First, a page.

Friday, July 25, 2008
mia filino kaj mi lernas esperanto
I just completed the second lesson in the free 10-lesson correspondence course. It's a simple but serviceable enough language that I can see why some Esperantists can be so pushy and dogmatic about making it into the international lingua franca. With only two lessons under my belt, I already can count to just shy of one million, I can speak in three tenses, and I'm even able to share some basic information about myself.
This is further than I got with two years of Spanish in high school, and about where I stood with Creole after six months of living in Haiti. It really is easy to learn. Evangeline is able to catch all the weird sentences I throw at her, like "Miaj amikoj estas grandaj insektoj" (My friends are big insects), and translate them into English with only a little difficulty. If we keep on pace, I think by the end of the year she and I will be able to have largely private conversations out in public.
That, incidentally, holds a lot of appeal for her as well. She wants to see if she can convince two of her best friends to learn the language so they can have a secret language at school.
Still, the ease of learning it aside, I can't see the language becoming more than a curiosity, a bit more established and enduring than Klingon, but not gaining the presence its strongest proponents would like. Even though it would be easy to adopt it as a lingua franca, particularly some place like in the European Union, I can't see any international government making the effort to do so.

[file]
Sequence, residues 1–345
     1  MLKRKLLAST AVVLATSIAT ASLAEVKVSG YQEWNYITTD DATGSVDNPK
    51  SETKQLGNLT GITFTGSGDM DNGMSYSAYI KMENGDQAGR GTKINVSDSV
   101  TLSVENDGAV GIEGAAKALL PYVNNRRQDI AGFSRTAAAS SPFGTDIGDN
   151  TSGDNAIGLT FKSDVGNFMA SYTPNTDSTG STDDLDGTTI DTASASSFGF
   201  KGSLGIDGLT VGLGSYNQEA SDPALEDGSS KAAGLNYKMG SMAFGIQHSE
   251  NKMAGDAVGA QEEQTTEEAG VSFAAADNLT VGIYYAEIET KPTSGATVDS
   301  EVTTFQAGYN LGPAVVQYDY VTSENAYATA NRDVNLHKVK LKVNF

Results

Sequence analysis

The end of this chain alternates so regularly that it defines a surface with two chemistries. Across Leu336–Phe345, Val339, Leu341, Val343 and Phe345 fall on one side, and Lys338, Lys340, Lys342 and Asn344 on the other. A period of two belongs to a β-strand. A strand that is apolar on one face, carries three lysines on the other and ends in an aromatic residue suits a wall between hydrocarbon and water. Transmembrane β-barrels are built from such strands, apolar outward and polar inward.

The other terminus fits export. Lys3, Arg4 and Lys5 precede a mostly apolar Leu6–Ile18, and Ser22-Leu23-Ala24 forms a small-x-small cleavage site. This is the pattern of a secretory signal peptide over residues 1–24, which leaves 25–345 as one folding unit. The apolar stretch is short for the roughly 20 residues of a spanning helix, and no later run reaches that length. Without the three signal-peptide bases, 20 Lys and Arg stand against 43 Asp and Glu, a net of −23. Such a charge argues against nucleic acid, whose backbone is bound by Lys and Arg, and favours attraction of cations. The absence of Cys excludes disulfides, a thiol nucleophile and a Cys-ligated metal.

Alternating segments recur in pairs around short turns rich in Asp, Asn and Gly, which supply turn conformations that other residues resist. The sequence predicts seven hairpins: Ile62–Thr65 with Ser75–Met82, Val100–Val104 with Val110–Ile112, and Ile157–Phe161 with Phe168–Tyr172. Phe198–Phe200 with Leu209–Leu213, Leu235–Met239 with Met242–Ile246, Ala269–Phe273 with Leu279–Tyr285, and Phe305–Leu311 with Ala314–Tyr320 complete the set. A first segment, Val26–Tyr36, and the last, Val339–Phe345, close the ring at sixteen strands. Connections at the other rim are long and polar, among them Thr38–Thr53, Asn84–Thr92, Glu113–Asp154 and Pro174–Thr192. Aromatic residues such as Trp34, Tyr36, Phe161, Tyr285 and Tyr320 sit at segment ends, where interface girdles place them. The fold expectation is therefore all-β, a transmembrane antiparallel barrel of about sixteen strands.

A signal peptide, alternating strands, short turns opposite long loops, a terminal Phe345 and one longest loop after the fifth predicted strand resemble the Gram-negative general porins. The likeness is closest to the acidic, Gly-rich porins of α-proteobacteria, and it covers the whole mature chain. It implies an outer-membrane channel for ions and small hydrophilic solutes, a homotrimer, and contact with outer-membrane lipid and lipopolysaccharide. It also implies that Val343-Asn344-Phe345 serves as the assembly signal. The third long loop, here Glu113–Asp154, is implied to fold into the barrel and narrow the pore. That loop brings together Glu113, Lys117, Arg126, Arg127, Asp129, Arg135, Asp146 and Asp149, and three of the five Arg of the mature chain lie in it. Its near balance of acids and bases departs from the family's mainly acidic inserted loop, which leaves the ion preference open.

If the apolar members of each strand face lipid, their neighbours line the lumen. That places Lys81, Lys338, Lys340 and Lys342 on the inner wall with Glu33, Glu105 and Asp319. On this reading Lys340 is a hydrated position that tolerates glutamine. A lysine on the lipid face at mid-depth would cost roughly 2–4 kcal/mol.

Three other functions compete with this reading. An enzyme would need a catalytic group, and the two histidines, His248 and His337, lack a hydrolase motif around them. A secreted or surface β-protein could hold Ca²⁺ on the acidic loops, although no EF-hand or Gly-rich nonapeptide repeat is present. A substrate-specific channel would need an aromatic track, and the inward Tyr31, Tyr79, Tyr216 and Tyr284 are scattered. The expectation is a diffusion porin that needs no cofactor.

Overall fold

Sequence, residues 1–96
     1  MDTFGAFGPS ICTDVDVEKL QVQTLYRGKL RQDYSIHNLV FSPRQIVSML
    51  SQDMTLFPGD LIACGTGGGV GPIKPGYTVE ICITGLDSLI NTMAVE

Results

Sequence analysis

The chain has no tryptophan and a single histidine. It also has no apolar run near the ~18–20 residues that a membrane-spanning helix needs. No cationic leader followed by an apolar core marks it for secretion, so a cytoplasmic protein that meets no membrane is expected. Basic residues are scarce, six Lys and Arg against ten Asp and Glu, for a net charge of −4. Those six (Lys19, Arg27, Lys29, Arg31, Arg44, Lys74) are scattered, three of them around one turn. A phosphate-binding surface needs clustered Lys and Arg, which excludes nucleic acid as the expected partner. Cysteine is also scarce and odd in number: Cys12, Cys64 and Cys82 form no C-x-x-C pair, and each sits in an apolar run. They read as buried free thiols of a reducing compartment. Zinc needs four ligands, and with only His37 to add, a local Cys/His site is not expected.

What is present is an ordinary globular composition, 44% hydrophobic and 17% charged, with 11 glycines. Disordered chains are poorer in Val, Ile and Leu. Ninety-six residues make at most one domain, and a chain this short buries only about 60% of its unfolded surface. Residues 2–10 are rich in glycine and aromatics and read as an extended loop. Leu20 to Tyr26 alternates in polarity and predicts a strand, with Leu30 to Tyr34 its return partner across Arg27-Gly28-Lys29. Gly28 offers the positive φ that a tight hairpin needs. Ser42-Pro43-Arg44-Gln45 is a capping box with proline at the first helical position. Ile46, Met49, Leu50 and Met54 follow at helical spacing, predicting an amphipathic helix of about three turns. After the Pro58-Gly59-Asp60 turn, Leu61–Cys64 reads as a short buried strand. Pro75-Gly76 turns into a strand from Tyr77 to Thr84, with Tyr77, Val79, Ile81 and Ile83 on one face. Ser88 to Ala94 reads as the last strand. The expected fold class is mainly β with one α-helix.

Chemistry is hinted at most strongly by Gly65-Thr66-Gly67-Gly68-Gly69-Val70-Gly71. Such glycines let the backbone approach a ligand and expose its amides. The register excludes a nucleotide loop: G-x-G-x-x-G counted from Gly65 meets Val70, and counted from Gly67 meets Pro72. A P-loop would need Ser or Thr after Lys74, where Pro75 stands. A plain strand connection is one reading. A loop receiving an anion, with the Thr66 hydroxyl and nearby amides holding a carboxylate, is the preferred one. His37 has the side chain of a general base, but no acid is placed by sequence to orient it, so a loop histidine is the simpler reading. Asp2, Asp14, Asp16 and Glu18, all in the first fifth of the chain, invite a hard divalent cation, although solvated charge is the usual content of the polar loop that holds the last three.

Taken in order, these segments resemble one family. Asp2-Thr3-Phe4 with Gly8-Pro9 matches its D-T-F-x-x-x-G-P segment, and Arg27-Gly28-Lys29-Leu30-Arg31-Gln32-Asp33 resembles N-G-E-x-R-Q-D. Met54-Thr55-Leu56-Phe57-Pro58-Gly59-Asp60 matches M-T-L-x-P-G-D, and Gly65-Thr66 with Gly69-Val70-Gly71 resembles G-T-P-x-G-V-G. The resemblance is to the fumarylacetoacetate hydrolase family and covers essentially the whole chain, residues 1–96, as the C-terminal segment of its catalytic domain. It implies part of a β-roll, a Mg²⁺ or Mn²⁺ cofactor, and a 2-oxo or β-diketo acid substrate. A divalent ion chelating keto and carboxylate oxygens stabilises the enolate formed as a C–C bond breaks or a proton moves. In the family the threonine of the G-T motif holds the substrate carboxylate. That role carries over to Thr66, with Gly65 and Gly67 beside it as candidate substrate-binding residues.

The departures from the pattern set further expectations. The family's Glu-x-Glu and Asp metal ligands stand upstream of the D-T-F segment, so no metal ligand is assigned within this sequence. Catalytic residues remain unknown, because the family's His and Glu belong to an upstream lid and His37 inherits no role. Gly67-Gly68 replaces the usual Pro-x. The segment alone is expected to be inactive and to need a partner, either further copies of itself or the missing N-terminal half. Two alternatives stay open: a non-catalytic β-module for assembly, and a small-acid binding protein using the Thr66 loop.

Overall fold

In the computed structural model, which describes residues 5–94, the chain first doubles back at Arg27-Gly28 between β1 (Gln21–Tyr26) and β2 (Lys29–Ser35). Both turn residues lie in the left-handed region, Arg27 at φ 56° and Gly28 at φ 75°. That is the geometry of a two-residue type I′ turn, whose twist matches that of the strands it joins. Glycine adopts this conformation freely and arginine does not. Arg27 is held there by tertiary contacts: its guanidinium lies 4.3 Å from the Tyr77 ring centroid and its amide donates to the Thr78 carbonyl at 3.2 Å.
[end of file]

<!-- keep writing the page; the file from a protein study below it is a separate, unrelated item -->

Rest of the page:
Lacking the support of a nation, a multinational corporation such as Deutsche Bank, or even a sufficiently large group, its status as an "artificial language" deprives it of the necessary gravitas to be taken seriously.
Maybe if someone like George Soros -- the wealthy-as-all-hell financier is a native speaker of the language -- or some other well-placed and prominent Esperantist, were to back such an effort, it would come to something. But I'm not aware of anyone pushing such an effort at any level of government.
For those of us who do speak it, or at least who are learning to, it remains a great way to communicate with people from other countries whose native languages we may never learn. (And really, how many other languages can one person learn in a lifetime? This is my second second language, and I'm also working on Spanish.)
In addition to some Internet groups and some literature written in or translated into Esperanto, there's also the International Passport Service, or whatever its proper name is, which matches interested Esperanto speakers traveling aboard with potential hosts in the country they're visiting, who also speak Esperanto. I may have to try that some day, if I ever get to Lesson 10.
In the meantime, there's a group of Esperanto speakers that meets just outside Nova Bastille. We'll have to check that out sometime.
But, if anyone is still reading:
Mi havas tri fratojn.
Mia bela edzino kaj mi amas niajn belajn filinojn.
Mi ne havas filon.
Evangeline kaj Rachel faris bonan limonadon kun akvo, lemon juice kaj sukero.
Evangeline amas ŝian patron, ŝian patrinon, kaj ŝian fratinon.
Mi estis instruisto.
Mi estas filo, frato, edzo kaj patro.
Mi ne estas limonado; mi trinkas ĝin.
Mi ne trinkas kafon.
Mi faras panon.
Ishtar kaj Hannah estas ŝiaj amikoj. Ili kaptis birdojn kaj fiŝojn. (Not really.)
Sanaj knabinoj estas belaj knabinoj.
Ŝia patro portis Evangeline.
Mi amas malvarman limonadon kaj malvarman lakton.
Evangeline, ŝia fratino kaj mi lernas Esperanton!
Mi amas miajn filinojn, mian edzinon, mi patro kaj patrino, kaj miajn fratojn.